Information and Communication Technologies ( ICTs) have had a significant impact on citizen engagement processes. By providing the basis for continuous dialogue and opening up greater possibilities to contribute to public discourse, digital technologies have restructured the terrain of everyday civic-political life. As systems of civic action and governance are resocialized through technology, this arena of rapid change has attracted considerable research interest.
The Voice or Chatter Project is an attempt to move beyond descriptive explorations of citizen agency to gain generalizable insights for governance practice. Using Anthony Giddens’ structuration framework (1984), the study will investigate how values are renegotiated, new rules evolve to legitimize new forms of participation and power is re-distributed between government and citizens, thus tracing how interactions among actors continuously shape and reproduce governance institutions.
This research study will contribute macro-level analytical insights from specific micro-level initiatives. Offering a comprehensive analytical framework, the study will adopt interpretive approaches to explain the shifting terrain of governance in these times of flux, drawing attention to policy issues and governance practices that matter for meaningful citizen engagement.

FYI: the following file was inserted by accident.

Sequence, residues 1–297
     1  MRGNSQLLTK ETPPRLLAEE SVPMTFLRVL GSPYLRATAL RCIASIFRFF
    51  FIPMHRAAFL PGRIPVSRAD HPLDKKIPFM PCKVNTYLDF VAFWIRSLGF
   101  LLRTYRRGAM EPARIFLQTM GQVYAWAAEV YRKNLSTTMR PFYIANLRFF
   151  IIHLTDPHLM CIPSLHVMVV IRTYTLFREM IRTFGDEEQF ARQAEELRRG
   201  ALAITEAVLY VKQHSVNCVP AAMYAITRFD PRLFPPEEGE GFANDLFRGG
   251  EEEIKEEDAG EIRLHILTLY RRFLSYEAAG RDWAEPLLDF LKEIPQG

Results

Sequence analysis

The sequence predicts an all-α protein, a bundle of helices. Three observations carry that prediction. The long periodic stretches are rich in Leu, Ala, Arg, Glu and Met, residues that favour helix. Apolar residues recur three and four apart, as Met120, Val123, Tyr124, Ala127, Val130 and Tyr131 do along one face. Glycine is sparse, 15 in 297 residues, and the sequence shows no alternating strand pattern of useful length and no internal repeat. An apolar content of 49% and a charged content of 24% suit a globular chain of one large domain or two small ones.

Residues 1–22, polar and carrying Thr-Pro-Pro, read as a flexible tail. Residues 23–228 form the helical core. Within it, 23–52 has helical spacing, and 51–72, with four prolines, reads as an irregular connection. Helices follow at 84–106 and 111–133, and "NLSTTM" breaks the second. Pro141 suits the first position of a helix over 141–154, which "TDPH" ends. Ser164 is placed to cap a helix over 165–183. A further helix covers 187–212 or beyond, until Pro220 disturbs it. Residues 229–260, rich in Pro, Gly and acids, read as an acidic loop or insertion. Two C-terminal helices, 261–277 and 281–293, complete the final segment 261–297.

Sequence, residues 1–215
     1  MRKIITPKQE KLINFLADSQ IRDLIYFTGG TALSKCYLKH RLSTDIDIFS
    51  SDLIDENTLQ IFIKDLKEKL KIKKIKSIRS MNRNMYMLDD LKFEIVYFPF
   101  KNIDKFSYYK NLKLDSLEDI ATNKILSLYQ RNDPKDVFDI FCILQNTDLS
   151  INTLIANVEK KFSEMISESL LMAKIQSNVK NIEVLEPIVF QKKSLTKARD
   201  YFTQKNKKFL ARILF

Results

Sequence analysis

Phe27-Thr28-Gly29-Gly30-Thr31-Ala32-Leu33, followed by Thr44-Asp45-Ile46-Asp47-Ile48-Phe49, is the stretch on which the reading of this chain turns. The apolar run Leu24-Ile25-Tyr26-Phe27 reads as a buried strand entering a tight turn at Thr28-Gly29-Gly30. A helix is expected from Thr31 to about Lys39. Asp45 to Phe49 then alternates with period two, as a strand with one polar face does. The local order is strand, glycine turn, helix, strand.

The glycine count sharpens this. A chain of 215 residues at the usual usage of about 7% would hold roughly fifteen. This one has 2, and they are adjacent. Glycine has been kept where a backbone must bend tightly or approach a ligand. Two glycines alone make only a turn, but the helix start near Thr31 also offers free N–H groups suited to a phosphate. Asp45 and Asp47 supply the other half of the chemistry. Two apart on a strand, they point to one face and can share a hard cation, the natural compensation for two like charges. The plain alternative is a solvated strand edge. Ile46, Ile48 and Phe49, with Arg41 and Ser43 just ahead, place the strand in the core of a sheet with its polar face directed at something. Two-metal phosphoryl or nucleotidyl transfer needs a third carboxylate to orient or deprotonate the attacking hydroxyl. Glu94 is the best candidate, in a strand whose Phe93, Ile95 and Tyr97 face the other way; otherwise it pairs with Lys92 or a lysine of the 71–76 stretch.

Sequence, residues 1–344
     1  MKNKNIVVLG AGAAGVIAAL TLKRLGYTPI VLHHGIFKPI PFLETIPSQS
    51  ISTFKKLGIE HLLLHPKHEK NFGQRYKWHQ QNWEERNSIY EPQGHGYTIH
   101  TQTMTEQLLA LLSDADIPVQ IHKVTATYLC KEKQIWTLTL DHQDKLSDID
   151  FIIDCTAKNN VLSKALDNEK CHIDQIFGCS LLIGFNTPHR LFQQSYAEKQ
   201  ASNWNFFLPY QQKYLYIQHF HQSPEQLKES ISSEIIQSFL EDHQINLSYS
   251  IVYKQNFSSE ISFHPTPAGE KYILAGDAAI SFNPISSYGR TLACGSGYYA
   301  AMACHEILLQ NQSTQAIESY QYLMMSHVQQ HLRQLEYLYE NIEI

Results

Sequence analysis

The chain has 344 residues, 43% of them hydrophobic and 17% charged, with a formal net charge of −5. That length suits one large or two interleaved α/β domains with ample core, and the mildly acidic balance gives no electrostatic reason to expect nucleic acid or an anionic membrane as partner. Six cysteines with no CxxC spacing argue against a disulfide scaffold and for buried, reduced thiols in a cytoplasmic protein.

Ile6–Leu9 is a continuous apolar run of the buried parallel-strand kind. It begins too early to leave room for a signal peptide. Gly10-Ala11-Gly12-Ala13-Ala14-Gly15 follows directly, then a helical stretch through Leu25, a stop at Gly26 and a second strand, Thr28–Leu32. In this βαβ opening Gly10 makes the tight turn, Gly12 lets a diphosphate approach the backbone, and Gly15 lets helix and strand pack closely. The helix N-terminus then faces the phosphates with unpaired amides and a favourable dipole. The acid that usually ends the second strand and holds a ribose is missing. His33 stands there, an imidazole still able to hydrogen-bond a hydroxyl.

The Voice or Chatter project is spearheaded by IT for Change with support from the Institute of Development Studies (IDS), and the Making All Voices Count (MAVC) consortium. The research network comprises collaborators from across the globe including South Africa, Kenya, Philippines, India, Netherlands, Spain, Brazil, Colombia and Uruguay.
Making All Voices Count is a programme working towards a world in which open, effective and participatory governance is the norm and not the exception. This Grand Challenge focuses global attention on creative and cutting-edge solutions to transform the relationship between citizens and their governments.
Making All Voices Count is supported by the U.K. Department for International Development (DFID), U.S. Agency for International Development (USAID), Swedish International Development Cooperation Agency, and Omidyar Network (ON), and is implemented by a consortium consisting of Hivos, the Institute of Development Studies (IDS) and Ushahidi. The programme is inspired by and supports the goals of the Open Government Partnership.